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Enter, Nero!

Dreamed c. AD 58 by Emperor Nero... maybe.

The implications of auspices, of omens old and new, and of his own dreams, began to terrify Nero. In the past he had never known what it was to dream, but after killing his mother he dreamed that he was steering a ship and that someone tore the tiller from his hands. Next, his wife Octavia pulled him down into thick darkness, where hordes of winged ants swarmed over him. Then, the statues of the nations, which had been dedicated in the Theatre of Pompey, began to hem him in and prevent him from getting away; while his favourite Asturian horse turned into an ape, or all except the head, which whinnied a tune. Finally the doors of the Mausoleum opened by themselves and a voice from inside called: 'Enter, Nero!'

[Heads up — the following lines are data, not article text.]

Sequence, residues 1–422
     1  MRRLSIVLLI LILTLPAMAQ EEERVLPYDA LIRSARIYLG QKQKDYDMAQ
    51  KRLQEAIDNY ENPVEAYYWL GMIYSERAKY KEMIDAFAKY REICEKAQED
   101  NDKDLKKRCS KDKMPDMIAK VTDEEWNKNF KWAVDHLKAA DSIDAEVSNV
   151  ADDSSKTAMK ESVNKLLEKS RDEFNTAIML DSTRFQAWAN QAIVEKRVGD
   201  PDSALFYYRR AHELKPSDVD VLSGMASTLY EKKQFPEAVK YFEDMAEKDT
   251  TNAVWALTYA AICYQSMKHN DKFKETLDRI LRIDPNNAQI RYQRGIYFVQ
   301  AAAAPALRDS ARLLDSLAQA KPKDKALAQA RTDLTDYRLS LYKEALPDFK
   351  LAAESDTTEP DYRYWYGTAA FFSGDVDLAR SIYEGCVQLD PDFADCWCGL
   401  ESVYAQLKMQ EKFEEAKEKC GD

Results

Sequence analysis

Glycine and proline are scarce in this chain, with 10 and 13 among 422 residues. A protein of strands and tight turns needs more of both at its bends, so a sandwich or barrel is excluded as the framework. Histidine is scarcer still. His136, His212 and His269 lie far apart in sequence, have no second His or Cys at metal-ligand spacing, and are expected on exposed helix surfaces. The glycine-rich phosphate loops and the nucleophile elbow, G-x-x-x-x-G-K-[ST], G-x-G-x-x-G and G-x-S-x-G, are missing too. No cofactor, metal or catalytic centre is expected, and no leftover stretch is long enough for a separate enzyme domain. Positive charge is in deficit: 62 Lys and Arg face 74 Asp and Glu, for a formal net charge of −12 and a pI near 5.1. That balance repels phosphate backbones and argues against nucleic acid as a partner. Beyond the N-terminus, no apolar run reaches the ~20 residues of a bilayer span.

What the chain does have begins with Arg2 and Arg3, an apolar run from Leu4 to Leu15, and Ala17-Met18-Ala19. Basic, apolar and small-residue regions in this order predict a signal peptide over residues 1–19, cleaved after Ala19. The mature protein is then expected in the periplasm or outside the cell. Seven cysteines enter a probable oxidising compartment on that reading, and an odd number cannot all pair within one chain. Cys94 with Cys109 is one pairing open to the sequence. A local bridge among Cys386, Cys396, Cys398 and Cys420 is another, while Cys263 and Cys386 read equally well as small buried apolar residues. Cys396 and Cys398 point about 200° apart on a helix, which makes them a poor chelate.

This is from Suetonius, The Twelve Caesars, quoted in The Oxford Book of Dreams (ed. Stephen Brook, 1983). Suetonius, who loathes Nero, is perhaps not the most reliable narrator of second-hand dreams. But one should never underestimate the power of palace gossip to preserve for the ages the juicy, pointless details--like that song-whinnying horse-headed ape. It's certainly Nero's style...

--Chris Wayan

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